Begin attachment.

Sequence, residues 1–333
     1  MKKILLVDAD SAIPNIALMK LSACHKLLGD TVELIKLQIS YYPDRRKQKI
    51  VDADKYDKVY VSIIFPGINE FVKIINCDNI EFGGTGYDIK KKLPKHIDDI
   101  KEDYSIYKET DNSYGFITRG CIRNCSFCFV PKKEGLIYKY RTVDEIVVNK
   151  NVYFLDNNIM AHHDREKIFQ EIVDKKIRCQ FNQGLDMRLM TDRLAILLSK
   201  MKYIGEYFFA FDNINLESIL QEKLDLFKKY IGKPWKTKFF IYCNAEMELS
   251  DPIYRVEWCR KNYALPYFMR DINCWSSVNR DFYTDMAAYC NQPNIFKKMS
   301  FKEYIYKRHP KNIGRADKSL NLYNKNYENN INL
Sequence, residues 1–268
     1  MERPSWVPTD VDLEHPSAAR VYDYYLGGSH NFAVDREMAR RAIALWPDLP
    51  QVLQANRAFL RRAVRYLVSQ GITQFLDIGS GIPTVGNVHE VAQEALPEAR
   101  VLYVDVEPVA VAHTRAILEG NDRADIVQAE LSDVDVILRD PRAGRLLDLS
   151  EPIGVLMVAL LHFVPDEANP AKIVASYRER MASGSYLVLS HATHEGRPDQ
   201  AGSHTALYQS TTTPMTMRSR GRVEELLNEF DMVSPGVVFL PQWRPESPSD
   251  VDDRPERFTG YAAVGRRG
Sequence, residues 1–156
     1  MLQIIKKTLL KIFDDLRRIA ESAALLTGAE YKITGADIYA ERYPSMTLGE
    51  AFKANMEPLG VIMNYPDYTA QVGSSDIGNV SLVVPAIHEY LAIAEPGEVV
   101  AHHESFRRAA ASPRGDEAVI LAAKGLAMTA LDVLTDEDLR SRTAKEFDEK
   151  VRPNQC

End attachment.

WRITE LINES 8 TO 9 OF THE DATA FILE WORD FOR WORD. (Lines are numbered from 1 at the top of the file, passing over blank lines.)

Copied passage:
   301  FKEYIYKRHP KNIGRADKSL NLYNKNYENN INL
Sequence, residues 1–268